The National Transportation Safety Board determined that heavy freezing spray conditions and poor stability to withstand icing were the probable causes of the capsizing and fatal sinking of the 98-foot crabber Destination in the Bering Sea in February 2017.

The Destination was traveling through frigid waters near St. George Island, Alaska, carrying 200 crab pots and preparing for opilio crab season when it capsized in minutes without sending a mayday call.

“Whatever happened happened very, very quickly,” said Spokesman Chris O’Neil, of the National Transportation Safety Board. “And there’s no one left to tell their story.”

According to the 24-page accident brief, the boat became weighed down with 203,650 to 339,416 pounds of ice on all exposed surfaces as gale force winds kicked up freezing ocean sprays.

To write the report, NTSB investigators reviewed the vessel’s mechanical history, pored over weather reports, and interviewed almost 50 people to piece together the probable cause of the accident.

The Coast Guard’s Marine Safety Center conducted a stability analysis of the
Destination using a computer-generated hull model from vessel plans dated November 16, 1992 (the plans for the lengthened vessel without a bulbous bow), taking into account the weight of crab pots, bait, the addition of the bulbous bow and estimated icing conditions.

"The MSC concluded that the vessel likely capsized in the large seas and winds as it came out of the lee of St. George Island due to prolonged icing conditions adding weight high on the vessel, leaving it with a lower freeboard and a decreased righting arm (lower stability)," reads the report.

The report detailed the experience of the crew. The captain, Jeff Hathaway, had managed the Destination for 23 years and was described by vessel owner David Wilson as very capable and knowledgeable.

"The crew referred to him as 'dad,' and other captains called him their 'go-to guy,'" according to the report.

All six crew members had experience fishing in the Bering Sea and serving on the Destination. The engineer had worked 21 years onboard, and the years of service for the four deckhands ranged from 3 to 22 years.

According to the owner, the captain would “hold up for weather” in the past but could not remember if any of those delays was initiated by a concern for freezing spray. In describing the captain’s experience with avoiding ice buildup, a former crew member said that during the many times the Destination encountered icing from freezing spray the instructions from the captain to him included “going out and beating ice… [to] stay on top of it so that it doesn’t get out of hand.”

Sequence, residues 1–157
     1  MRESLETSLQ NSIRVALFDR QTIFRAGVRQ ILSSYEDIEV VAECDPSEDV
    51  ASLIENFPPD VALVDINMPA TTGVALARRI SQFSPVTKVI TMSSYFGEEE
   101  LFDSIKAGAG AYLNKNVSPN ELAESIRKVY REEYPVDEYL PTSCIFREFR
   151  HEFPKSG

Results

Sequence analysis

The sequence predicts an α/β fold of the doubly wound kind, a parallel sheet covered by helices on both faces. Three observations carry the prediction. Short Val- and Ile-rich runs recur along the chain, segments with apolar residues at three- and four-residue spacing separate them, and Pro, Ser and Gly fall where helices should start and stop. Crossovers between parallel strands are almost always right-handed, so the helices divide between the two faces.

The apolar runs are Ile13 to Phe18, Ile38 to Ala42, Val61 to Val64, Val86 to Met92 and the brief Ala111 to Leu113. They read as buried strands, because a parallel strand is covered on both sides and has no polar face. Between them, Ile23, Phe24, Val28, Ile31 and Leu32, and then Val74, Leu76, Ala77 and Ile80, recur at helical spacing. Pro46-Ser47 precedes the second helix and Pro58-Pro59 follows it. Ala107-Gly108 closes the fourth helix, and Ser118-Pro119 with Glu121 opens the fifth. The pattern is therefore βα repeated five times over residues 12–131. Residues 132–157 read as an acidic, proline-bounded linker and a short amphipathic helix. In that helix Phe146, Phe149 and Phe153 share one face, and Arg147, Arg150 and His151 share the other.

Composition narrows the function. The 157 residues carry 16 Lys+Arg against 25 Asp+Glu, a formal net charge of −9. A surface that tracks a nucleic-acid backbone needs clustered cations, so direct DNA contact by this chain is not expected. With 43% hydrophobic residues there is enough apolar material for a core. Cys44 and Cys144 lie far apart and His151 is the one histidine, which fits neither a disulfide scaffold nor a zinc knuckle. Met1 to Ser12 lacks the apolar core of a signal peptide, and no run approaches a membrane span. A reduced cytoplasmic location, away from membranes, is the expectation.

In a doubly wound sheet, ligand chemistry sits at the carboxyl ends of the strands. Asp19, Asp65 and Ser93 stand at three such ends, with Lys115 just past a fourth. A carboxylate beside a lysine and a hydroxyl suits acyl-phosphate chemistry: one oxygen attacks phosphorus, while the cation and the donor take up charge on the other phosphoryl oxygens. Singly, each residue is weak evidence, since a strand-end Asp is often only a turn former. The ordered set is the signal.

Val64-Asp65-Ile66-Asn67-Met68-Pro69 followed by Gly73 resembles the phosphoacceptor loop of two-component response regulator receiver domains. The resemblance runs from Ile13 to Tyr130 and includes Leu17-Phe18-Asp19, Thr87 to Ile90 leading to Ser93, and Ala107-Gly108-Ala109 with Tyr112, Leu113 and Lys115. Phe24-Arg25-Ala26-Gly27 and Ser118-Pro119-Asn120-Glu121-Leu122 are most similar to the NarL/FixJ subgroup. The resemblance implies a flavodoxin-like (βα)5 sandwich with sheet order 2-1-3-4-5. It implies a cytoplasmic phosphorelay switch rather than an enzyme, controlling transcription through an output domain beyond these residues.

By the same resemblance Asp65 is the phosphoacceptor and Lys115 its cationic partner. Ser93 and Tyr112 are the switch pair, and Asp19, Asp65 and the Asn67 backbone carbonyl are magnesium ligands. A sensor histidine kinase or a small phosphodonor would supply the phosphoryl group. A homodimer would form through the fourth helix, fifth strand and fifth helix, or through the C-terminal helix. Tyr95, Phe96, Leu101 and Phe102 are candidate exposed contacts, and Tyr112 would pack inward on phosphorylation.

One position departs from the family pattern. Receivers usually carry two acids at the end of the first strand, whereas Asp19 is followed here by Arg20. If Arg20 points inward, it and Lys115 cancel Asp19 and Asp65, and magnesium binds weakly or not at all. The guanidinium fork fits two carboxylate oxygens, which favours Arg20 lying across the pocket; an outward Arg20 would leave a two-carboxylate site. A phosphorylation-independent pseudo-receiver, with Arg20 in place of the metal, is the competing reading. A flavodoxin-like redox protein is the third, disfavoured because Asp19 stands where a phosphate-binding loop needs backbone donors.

Investigators believe fatigue played a role in the decision to continue in the freezing conditions. In the month leading up to the accident, the boat was cod fishing for a total of 27 days.

In one of the text messages retrieved “by investigators, a crew member wrote his father on January 23, ‘Oh my god, I haven’t slept in days.’”

A former crew member told investigators that the crew cycled through the stack 1.5 times a day setting and hauling 300 pots, with 4- or 6-hour rotations to sleep.

Investigators also considered that pressure, both self-imposed and from the commercial fishing industry, that the captain and crew might have faced. Former crew members speculated during testimony that "the captain may have chosen to fish for cod longer than usual primarily as an economic incentive: to establish a ‘catch history’ that would increase the vessel’s future share allocated to them, should cod become a fishery regulated by a quota system similar to opilio crab, and extend the season to maximize the crew’s earnings."

The captain would've been racing against the clock to make the final cod delivery of the season at the Trident Seafoods facility at Sand Point before it closed, while also thinking about changing gear and not losing any time crabbing.

Hathaway and crew members Kai Hamik, Darrik Seibold, Larry O’Grady, Raymond Vincler and Charles G. Jones were lost with the boat. The loss of the Destination marks the fleet’s deadliest accident since 2005.

The accident report from the National Transportation Safety Board is available in full online.

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Samuel Hill is the former associate editor for National Fisherman. He is a graduate of the University of Southern Maine where he got his start in journalism at the campus’ newspaper, the Free Press. He has also written for the Bangor Daily News, the Outline, Motherboard and other publications about technology and culture.

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